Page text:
She sent an interested, curious glance at the building, then shook her head. ‘We had better go back or we will be late for luncheon, will we not? Perhaps I can look at it tomorrow.’
Pleasure warred with temptation. They could be together safely, surely? He had self-control and familiarity would soon enough quench the stabs of desire that kept assailing him. It was too long since he had parted with his last mistress, that was all that ailed him. The challenge to make Isobel smile, make her trust him, was too great.
‘I am not too busy to walk with you. Or we could ride if you prefer?’
‘Oh, yes. If only it does not rain. I had better get down.’ She lifted her leg from the pommel and simply slid, trusting him to catch her. Obviously his dangerous thoughts were not visible on his face. Her waist was slender between his hands. He felt the slide of woollen cloth over silk and cotton, the light boning of her stays, and set her down with care.
It took him a minute to find his voice again, or even think of something to say. ‘What have you done with your bonnet, you hoyden?’ Giles asked halfway down the hill as they walked back towards the lake. Isobel pointed to where the sensible brown-velvet hat hung on a branch beside the path. ‘And what are you going to say to Lady Hardwicke about your hair if she sees you?’
‘Why, the truth, of course.’ Isobel sent him a frowning look. ‘Why should I not? Nothing happened. We ran, my bonnet blew off, my hair came down. It is not as though we are in Hyde Park. Or do you think she will blame you in some way?’
‘No, of course not. She trusts you, of course—she would suspect no impropriety.’ Now why did that make her prim up her lips and blush?
‘Exactly,’ Isobel said, her voice flat. But when they reached the garden gate and Giles turned to walk Felix back to the stables, she caught his sleeve. ‘Thank you for chasing my nerves away at the bridge.’
‘That is what friends do,’ he said. That was it, of course: friendship. It was novel to be friends with an unmarried woman but that was surely what this ease he felt with Isobel meant.
She smiled at him, a little uncertain. He thought he glimpsed those shadows and ghosts in her eyes still, then she opened the garden gate and walked away between the low box hedges.
* * *
A friend. Isobel was warmed by the thought as she walked downstairs for breakfast the next morning. It had never occurred to her that she might be friends with a man, and certainly Mama would have the vapours if she realised that her daughter was thinking of an architect born on the wrong side of the blanket in those terms.
But it was good to see behind the supercilious mask Giles Harker wore to guard himself. After a few minutes as they walked and talked she had quite forgotten how handsome he was and saw only an intelligent man who was kind enough to sense her fears and help her overcome them. A man who could laugh at himself and trust a stranger with his secrets. She wished she could share hers—he of all men would understand, surely.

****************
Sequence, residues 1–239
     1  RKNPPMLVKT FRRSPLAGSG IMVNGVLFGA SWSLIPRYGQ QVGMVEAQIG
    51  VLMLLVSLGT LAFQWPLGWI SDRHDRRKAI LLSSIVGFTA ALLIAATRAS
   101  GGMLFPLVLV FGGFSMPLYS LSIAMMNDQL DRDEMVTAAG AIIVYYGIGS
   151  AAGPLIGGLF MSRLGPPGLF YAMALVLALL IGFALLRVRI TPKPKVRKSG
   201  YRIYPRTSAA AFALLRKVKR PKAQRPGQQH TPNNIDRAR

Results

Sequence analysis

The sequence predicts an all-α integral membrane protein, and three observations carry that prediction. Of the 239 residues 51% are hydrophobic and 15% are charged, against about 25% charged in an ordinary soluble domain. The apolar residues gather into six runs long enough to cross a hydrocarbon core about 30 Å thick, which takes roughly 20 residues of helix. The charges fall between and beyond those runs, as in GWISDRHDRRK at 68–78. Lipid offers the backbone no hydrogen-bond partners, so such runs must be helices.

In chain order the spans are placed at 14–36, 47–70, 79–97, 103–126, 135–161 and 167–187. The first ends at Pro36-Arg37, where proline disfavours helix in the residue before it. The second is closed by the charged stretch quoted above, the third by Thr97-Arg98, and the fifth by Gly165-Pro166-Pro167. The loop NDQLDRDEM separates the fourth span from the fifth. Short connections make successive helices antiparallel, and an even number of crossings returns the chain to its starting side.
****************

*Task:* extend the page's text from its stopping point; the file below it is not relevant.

He was dangerous, of course, and infuriating and she was not certain she could trust him. Or perhaps it was herself she could not trust.
Giles was at the table when she came in, sitting with the earl and countess, Anne and Philip. The men stood as she entered and she wished everyone a good morning as the footman held her chair for her.
‘Good morning.’ Giles’s long look had a smile lurking in it that said, far more clearly than his conventional greeting, that he was happy to see her.
The morning was fine, although without yesterday’s sunshine. They could ride. Isobel did not pretend to herself that she did not understand why the prospect of something she did almost every day at home should give her such keen pleasure. Perhaps she felt drawn to him because Giles was of her world but not quite in it, someone set a little apart, just as she was by her disgrace. She wanted to like him and to trust him. Could she trust her own judgement?
‘Might I ride today, Cousin Elizabeth?’
‘This morning? Of course. You may take my mare, she will be glad of the exercise. I have been so involved with the endless correspondence that this change in our life seems to be producing that I have sadly neglected her. And it is not as though my daughters enjoy riding, is it, my loves?’
A heartfelt chorus of ‘No, Mama!’ made the countess laugh. ‘One of the grooms will accompany you, Isobel.’
Isobel caught Giles’s eye. ‘I...that is, Mr Harker is riding out this morning, ma’am, I believe. I thought perhaps...’
She feared the countess would still require a groom as escort, but she nodded approval. ‘I will have Firefly brought round at ten, if that suits Mr Harker?’